Banks Bounce Back, Modestly: Financial Winners

NEW YORK ( TheStreet) -- Bank stocks staged a modest recovery on Wednesday, after taking their worst pounding in over two years in yesterday's session.

The KBW Bank Index ( I:BKX) rose just 0.1% to close at 62.45 though all but eight of the 24 index components ended with gains. The broad indices fared better. The Dow Jones Industrial Average and S&P 500 ( SPX.X) ended with gains of 0.3% while the NASDAQ Composite posted an increase of 0.4%.

Among large U.S. banks, the winner was New York Community Bancorp ( NYCB) as shares advanced 1.4% to close at $14.96. With a quarterly payout of 25 cents, New York Community has one of the highest dividend yields on common shares in the banking industry with a yield of 6.68%.

Large banks that recorded gains close to 1% included Commerce Bancshares ( CBSH) of Kansas City, Mo., which closed at $44.02; First Niagara Financial Group ( FNFG) of Buffalo, N.Y., closing at $10.38; and Zions Bancorporation ( ZION) of Salt Lake City, which ended the session at $28.16.

Shares of JPMorgan Chase ( JPM) were down only two cents to $50.58 despite continued flow of leaks from federal regulators about large fines the company is facing.

Housing Drags on Rising Rates

Following Tuesday's fear over the buildup to possible military action against the government of Syria by the United States and its traditional allies, financial names were stalled by mediocre housing data, declining refinance applications and an inventory shortage in several major markets.

The Mortgage Bankers Association on Wednesday said its Market Composite Index for the week ended Aug. 23 was down 2.5% from the previous week. The Market Composite index measures total residential loan application volume.

The MBA's Refinance index was down 5% from the previous week, and was down over 64% from its peak early in May.

The average rate for a conforming 30-year fixed-rate mortgage loan during the week ended Aug. 23 was 4.8%, rising sharply from 4.7% the previous week. A "conforming" mortgage loan is one that meets the basic underwriting of Fannie Mae and Freddie Mac, with a loan-to-value ratio of 80% or lower, and a principal balance of $417,000 or less. Rates on conforming mortgage loans hit their highest level since April 2011.

Mortgage loan rates have been rising rapidly, in line with the market yield on 10-year U.S. Treasury bonds, which have risen to 2.79% Wednesday afternoon from 1.70% at the end of April. The market has been anticipating a decline in the Federal Reserve's net purchases of long-term bonds. The Fed, as part of its "QE3" effort to hold-down long-term interest rates, has purchased $40 billion in long-term mortgage-backed securities and $45 billion in long-term U.S. Treasury bonds each month since last September.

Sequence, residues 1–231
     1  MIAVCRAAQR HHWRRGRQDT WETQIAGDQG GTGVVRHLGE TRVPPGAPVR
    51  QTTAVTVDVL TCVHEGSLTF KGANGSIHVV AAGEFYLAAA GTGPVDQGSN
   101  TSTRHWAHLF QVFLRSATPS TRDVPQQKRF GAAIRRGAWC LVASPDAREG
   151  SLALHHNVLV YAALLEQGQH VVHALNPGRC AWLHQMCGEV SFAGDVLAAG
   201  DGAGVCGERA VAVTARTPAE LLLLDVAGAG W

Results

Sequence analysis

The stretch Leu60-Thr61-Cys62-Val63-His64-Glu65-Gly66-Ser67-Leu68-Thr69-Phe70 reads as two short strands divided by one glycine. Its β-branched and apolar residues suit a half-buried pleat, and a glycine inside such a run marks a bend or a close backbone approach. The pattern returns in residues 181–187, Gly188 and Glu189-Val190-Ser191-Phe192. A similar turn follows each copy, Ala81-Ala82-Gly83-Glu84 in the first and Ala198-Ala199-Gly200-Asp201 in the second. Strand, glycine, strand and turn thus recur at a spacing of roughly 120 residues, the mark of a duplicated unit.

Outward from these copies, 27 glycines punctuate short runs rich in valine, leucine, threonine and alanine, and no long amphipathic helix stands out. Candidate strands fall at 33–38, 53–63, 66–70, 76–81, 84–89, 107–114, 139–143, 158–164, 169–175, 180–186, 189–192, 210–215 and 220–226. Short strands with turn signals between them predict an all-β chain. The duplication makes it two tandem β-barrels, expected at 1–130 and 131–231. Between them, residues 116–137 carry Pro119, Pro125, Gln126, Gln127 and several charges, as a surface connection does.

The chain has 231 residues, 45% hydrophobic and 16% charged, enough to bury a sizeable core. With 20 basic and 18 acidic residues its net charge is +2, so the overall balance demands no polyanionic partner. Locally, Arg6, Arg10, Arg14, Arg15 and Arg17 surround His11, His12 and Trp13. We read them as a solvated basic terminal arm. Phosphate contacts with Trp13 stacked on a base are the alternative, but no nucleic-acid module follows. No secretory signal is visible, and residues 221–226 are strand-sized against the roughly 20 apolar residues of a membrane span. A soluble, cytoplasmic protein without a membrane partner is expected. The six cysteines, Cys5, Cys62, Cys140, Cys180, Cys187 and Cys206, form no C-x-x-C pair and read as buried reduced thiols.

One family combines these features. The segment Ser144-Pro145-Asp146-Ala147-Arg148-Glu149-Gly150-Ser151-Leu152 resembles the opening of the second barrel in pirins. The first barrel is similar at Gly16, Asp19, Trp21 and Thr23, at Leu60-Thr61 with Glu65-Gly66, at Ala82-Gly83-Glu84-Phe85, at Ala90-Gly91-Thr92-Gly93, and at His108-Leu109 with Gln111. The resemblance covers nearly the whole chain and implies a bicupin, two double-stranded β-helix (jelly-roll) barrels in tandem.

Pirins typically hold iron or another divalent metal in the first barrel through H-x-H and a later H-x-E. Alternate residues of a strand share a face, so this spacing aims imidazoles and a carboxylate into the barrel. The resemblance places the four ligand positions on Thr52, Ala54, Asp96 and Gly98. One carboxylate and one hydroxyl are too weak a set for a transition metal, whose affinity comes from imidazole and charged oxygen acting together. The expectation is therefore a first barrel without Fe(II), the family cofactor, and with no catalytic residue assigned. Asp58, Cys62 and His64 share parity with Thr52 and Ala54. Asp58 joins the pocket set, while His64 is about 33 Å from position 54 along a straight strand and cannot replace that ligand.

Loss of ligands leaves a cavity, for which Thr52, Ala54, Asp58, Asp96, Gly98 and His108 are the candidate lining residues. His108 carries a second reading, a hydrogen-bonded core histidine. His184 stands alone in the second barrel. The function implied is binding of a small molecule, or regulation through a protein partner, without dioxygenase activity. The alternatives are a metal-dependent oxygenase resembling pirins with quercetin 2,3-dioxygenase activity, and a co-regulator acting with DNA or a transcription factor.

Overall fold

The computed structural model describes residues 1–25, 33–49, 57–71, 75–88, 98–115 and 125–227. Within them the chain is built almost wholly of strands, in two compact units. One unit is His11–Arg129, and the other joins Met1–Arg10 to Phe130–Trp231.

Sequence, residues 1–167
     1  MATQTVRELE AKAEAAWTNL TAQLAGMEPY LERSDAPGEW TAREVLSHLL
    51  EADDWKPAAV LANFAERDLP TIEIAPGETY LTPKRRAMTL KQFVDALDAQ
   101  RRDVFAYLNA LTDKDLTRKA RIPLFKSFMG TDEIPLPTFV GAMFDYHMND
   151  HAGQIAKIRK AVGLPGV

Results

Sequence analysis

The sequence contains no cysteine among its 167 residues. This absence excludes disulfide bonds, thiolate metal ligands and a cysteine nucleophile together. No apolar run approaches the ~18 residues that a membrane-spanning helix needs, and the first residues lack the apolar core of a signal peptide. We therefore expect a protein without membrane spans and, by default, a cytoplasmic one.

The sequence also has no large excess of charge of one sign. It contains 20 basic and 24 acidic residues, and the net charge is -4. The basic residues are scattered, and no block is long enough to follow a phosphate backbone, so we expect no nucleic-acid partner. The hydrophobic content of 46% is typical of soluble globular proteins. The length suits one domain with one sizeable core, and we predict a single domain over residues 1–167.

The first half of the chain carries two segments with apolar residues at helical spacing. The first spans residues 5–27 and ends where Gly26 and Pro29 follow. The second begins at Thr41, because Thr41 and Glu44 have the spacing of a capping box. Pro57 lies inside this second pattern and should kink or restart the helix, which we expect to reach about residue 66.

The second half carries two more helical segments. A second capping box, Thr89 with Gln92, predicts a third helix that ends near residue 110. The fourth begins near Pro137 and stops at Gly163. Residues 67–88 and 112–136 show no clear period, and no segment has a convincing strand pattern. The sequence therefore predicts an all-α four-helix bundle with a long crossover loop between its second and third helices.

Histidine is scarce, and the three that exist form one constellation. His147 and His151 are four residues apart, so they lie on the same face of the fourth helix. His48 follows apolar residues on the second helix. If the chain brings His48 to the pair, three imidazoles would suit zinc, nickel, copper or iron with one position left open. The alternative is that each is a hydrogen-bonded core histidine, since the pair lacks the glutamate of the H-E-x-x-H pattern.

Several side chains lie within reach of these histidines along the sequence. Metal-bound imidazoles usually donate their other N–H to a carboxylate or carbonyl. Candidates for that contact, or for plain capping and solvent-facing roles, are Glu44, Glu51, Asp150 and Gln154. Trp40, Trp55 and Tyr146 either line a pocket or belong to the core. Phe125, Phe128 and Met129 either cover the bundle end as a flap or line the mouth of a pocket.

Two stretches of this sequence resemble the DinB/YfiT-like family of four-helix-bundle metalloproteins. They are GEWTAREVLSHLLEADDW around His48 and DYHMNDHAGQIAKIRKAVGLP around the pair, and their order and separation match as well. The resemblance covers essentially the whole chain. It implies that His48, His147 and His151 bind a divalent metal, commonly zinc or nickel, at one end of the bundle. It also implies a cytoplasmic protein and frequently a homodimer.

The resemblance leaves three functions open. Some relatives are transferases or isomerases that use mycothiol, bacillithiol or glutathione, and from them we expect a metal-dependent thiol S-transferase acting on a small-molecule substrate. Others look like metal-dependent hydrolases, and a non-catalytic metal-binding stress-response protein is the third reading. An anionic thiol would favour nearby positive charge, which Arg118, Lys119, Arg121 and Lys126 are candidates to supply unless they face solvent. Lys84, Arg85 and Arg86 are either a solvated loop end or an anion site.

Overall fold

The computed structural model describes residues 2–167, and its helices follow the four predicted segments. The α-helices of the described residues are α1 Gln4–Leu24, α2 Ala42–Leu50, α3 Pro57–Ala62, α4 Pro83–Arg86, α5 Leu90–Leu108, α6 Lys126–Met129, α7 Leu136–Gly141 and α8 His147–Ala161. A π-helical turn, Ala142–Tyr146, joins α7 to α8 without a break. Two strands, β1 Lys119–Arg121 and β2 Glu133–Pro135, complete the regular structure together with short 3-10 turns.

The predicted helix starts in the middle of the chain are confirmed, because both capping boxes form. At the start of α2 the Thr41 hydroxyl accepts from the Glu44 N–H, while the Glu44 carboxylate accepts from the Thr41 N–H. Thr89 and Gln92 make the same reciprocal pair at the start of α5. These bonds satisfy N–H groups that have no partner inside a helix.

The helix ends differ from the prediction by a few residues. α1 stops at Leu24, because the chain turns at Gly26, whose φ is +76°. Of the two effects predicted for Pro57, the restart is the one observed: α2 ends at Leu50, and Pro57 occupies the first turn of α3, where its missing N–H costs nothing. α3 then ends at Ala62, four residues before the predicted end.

The Federal Open Market Committee is expected by many economists to gradually taper its bond-buying after the committee's next meeting on September 17-18.

The resulting media hysteria over expectations of the Fed curtailing its monetary stimulus will most likely resume after Labor Day and hit a fever pitch in the second week of September.

Also on Wednesday, the National Association of Realtors said its Pending Sales Index declined to 109.5 in July from 110.9 in June, although the index was still 6.7% higher than a year earlier. NAR chief economist Lawrence Yun said the small decline in existing-home sales "is not yet concerning, and contract activity remains elevated, with the South and Midwest showing no measurable slowdown." But Yun also said "higher mortgage interest rates and rising home prices are impacting monthly contract activity in the high-cost regions of the Northeast and the West."

"So far in 3Q, higher mortgage rates have driven mortgage app volume down 36% Q-Q (on avg.), and we anticipate banks will see a sharp decline in mortgage banking fees this quarter as a result," Jefferies analyst Ken Usdin wrote in a note to clients Wednesday.

More Skin in the Game

In industry news on Wednesday, the Federal Reserve, the Office of the Comptroller of the Currency, the Federal Deposit Insurance Corp. and other federal agencies proposed that aside from "qualified residential mortgage loans," or QRM, mortgage loan securitizers should be required to retain 5% of the credit risk of the loans the sell through securitizations. The rules are subject to a 60-day comment period, but as we have seen with so many rules proposed to implement provisions of the Dodd-Frank Wall Street Reform and Consumer Protection Act of 2010, it may take much longer for the final rule to be set.


-- Written by Philip van Doorn in Jupiter, Fla.

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Philip W. van Doorn is a member of TheStreet's banking and finance team, commenting on industry and regulatory trends. He previously served as the senior analyst for Ratings, responsible for assigning financial strength ratings to banks and savings and loan institutions. Mr. van Doorn previously served as a loan operations officer at Riverside National Bank in Fort Pierce, Fla., and as a credit analyst at the Federal Home Loan Bank of New York, where he monitored banks in New York, New Jersey and Puerto Rico. Mr. van Doorn has additional experience in the mutual fund and computer software industries. He holds a bachelor of science in business administration from Long Island University.